Carolina Panthers QB Cam Newton is one of my favorite players to watch in the National Football League.  Strength, speed, athleticism in abundance, Cam led his team to the Super Bowl while earning league MVP honors with his stellar play last season. But Cam's absolute refusal to take a solid position when it comes to issues of race and social justice are maddening to say the least.   

It all started back in January when Newton expressed what was a very popular sentiment among black fans at the time; "I’m an African-American quarterback that may scare a lot of people because they haven’t seen nothing they can compare me to.” 

Black folks bubbled with pride while some folks showed us what they thought about race, too. The most notable among them was former NFL player and long-suspected racist Bill Romanowski, who sent out a tweet that read, "You will never last in the NFL with that attitude. The world doesn't revolve around you, boy!"

Just so everyone knew exactly who he was talking about, Romanowski used the hashtag #CamNewton.   

After all that went down earlier this year, Newton appeared to say that he didn't want to discuss race anymore.  

“I just want to become relatable," Cam told reporters during Media Day. "It’s bigger than race, it’s more so opening up a door for guys that don’t want to be labeled. That have bigger views and say, ‘Well, I’m in this situation, I’m living in this environment right now, but I also want to be an artist. I want to be a poet.’ But I don’t have the means to necessarily, do the right things at that particular point. So for me, I’m living the dream that I’ve always envisioned myself living, when I was 8, 9, 10 years old. I would always write down on Career Days: I want to be a football player.”

That's his prerogative. If you want to make a lot of marketing money, it would be a good deal not to piss off too many people, and to be about as coy and ambiguous as possible when the subject of race is brought up.  

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But it seems like he's going out of his way to defuse and confuse the issue of racism in America whenever he gets the chance.  Several weeks ago he was at it again during an interview with GQ magazine.   

“I don’t want this to be about race, because it’s not. It’s not. Like, we’re beyond that. As a nation," he said.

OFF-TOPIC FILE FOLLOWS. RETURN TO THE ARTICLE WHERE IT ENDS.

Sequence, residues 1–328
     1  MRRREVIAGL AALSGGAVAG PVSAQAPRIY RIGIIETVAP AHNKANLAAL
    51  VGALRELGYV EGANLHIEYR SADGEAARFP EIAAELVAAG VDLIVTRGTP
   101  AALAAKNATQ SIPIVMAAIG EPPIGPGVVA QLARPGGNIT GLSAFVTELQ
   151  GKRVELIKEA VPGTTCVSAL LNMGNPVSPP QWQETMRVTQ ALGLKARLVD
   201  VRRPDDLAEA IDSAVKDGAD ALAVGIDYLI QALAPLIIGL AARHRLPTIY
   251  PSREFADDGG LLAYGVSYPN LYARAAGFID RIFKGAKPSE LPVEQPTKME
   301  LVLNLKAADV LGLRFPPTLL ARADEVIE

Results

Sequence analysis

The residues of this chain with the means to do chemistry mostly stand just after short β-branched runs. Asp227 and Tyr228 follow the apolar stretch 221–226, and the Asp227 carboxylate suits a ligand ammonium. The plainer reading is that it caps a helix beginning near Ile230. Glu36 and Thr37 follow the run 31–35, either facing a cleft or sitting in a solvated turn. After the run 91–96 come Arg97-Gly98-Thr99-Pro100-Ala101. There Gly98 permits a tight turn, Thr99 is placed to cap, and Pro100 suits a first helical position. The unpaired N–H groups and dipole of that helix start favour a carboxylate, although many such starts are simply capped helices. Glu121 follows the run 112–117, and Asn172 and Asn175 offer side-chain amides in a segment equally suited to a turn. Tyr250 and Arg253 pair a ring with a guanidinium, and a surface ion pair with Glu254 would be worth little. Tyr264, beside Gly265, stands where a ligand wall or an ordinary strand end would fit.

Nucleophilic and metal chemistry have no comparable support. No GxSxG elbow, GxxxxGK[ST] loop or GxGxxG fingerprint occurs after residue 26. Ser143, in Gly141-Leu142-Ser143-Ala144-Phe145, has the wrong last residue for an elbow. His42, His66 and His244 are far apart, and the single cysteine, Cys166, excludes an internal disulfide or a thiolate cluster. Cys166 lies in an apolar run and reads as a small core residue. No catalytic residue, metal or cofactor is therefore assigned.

That prompted me to pen an editorial that said Newton shouldn't be forced to bear the standard of black activism if he didn't want to, or was unequipped to.   

With the firestorm of controversy surrounding San Francisco QB Colin Kaepernick's refusal to stand for the national anthem, reporters have been clamoring to get countering, and sometimes damning quotes from just about anyone associated with the National Football League.  With the season right around the corner, it was only a matter of time before Newton would be called upon to address Colin's stance on the flag and the national anthem.  

As was highlighted in his prior attempt at discussing race, Newton danced around the issue like a 90s boy band. 

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“Who am I to say that it’s wrong?” Newton asked. “Who am I to say that it’s right? Either or, it’s still personal." 

“What I can’t fathom is, how does one-eighth of an inch—something so small—become the difference and such a big commodity of our whole lifetime. And that’s the thickness of our skin, one-eighth of an inch. Under that, we’re all the same color, and that’s the big picture. 

“A lot of scrutiny happens when an athlete starts talking about race, but the truth of the matter is we’ve just got to do right by each other, no matter what color you are. Certain things that have happened in our lifetime, it is kind of embarrassing to be affiliated with, but it still happens. Who am I to say, ‘Colin, you’re wrong’? And who am I to say, ‘Bro, you’re right’? Because we all have the right to think what we want to think, and I respect that about everybody.” 

Newton appears to be perpetually trying to take the middle ground. However, according to the Black tradition of activism in America, avoiding taking a hard stance on race is tantamount to acceptance.  

Though Newton's attempts at discussing race in America have a decidedly humanist tint, they're ultimately of a Pollyanna-ish nature in light of the current and historic history of racial animus in America.  While we admire those who speak their minds and exercise their First Amendment Rights in defense of the downtrodden, those same rights also give citizens the ability to call B.S. when we see it.  

And on Cam's racial stance, I'm calling B.S.